There are many of stories I could share, but I want to share one more incredible story. My wife and whole family and I went to Ionian village, where I was serving as the priest. Part of going to Ionian Village2 going around to different monasteries and holy places, and we went to the monastery of Osios Lukas, Blessed Luke. We were at this monastery together with hundreds of children from Ionian village; it was noisy, and we were going to have Vespers in the main church there at Osios Lukas. But there was some time before services, and so I thought I would slip away by myself for just a few minutes and pray. I went into their small chapel and prostrated myself before the Royal Doors. I had just began to pray before the Royal Doors, when I looked up and saw the face of an inmate, who was the way back in Colorado. I was in Greece. His face was just as clear as looking at you right now. I said, “Lord, why?” This is was an African-American man that had shown absolutely no interest in Orthodoxy whatsoever. I said, “Lord, why am I seeing this man?” No response. I don’t know. When I returned to Colorado I knew I needed to talk to this man about it, but it took me two weeks. I stopped by his cell and I just couldn’t bring myself to say it. And finally, one day, I said, “I have to talk to you.” I had taken videos while we were in Greece, and I showed hours and hours of videotapes to the men. I said, “Have you been watching any of those tapes of my trip to Greece?” He said, “Oh, yeah! I’ve been watching them all!” I explained to him what had happened. His eyes got big and he said, “Why me? Why’d you see me?!” I said, “I don’t know.” I said, “I have no idea. But your face was there just as clear as anything.” And so I sent him a booklet on Osios Lukas. One thing led to another, and down the road I had the privilege of baptizing him as Lukas, after Blessed Luke.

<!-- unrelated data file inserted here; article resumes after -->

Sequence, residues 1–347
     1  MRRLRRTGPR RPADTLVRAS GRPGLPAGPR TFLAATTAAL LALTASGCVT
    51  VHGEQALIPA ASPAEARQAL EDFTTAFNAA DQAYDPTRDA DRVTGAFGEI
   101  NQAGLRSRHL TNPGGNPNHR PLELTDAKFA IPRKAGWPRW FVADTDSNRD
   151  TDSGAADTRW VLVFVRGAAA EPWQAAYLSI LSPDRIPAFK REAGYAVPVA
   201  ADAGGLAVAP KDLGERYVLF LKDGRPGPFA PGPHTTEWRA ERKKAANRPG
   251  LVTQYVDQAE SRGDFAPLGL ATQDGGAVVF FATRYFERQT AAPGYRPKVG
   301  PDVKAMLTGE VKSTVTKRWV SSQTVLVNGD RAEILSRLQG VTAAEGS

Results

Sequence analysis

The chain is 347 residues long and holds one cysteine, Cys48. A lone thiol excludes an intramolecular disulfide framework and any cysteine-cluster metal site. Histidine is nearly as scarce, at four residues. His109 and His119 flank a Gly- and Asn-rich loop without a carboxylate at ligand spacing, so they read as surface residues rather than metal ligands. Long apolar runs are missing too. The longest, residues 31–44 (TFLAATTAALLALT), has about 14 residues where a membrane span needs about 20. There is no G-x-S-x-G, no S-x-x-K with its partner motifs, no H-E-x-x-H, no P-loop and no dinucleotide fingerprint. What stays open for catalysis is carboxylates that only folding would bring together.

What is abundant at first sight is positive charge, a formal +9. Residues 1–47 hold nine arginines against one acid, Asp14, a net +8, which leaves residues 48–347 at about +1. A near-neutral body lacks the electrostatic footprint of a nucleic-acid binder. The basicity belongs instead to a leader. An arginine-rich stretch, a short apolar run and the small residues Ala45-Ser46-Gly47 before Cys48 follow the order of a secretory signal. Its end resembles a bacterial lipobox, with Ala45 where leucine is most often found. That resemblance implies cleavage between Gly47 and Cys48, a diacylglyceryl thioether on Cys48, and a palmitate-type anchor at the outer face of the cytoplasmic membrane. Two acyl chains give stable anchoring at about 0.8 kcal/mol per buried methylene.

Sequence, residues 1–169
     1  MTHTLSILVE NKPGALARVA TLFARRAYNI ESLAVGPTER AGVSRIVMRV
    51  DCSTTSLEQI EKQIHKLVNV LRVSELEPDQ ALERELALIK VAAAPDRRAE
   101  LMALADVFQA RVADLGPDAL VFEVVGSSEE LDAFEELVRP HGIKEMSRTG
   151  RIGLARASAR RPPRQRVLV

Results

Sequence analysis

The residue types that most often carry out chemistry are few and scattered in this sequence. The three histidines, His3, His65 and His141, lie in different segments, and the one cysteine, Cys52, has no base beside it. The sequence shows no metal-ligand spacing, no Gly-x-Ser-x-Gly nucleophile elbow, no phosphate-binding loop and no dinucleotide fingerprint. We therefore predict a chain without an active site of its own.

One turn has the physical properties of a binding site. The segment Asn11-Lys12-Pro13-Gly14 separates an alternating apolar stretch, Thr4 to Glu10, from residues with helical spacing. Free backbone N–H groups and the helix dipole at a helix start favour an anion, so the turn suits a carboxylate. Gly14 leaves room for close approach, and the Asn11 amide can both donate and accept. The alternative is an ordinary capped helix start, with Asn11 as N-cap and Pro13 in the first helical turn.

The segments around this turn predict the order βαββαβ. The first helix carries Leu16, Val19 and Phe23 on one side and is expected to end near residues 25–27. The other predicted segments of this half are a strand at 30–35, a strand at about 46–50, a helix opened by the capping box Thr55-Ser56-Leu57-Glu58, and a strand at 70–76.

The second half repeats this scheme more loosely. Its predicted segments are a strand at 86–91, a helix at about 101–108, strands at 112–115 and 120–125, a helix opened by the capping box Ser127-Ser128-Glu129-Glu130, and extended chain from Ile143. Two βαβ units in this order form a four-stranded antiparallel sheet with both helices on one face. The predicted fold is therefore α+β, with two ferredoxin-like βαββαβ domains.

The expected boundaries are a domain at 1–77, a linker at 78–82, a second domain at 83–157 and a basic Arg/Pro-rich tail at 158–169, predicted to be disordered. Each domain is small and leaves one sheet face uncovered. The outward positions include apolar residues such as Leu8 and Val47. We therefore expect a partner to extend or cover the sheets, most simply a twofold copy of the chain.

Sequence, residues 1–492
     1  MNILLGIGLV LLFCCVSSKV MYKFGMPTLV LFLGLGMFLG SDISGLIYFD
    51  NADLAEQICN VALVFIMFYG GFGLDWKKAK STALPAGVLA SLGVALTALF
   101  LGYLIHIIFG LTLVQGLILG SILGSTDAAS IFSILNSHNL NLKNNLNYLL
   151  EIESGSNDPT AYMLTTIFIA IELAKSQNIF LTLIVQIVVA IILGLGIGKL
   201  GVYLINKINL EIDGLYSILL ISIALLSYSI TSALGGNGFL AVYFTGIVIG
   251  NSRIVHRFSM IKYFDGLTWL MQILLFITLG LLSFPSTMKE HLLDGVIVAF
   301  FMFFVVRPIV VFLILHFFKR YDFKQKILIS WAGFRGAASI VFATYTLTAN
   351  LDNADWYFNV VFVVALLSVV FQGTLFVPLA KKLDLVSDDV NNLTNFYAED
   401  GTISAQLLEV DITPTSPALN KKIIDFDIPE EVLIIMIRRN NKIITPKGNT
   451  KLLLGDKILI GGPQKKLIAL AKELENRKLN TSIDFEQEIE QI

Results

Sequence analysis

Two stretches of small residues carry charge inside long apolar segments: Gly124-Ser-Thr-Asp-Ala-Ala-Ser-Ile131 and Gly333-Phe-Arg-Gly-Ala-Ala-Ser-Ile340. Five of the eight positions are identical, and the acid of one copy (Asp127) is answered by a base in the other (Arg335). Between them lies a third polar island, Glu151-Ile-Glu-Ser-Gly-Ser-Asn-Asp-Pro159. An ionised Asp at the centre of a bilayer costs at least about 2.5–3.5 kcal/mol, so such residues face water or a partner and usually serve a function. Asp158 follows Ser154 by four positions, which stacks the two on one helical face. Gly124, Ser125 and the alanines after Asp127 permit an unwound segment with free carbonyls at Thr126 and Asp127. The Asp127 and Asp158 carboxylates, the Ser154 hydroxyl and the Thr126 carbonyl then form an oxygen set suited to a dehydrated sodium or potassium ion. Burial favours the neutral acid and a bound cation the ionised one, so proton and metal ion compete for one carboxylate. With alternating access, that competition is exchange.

One of the units there was a kind of honor unit. The goal of that place was to work men through this maximum-security prison and to eventually get them back to a penitentiary. But to do that, they had to prove themselves faithful each step of the way. And so, at the very last step I could go in and actually do church services with the men. I had about three of the Orthodox in there, and I was doing a service every Sunday evening. Another man came who wasn’t Orthodox, but he liked to come anyway. One day he was talking to me and he said, “You know on the outside I was a professional musician.” And he said, “Father, I miss playing the guitar so much.” I said, “Well I’ve got a guitar. I’ll bring it to the service next Sunday and you can play us a tune before we start our service.” And so I brought in the guitar that Sunday and every Sunday. He played it, and he was good, he was really good.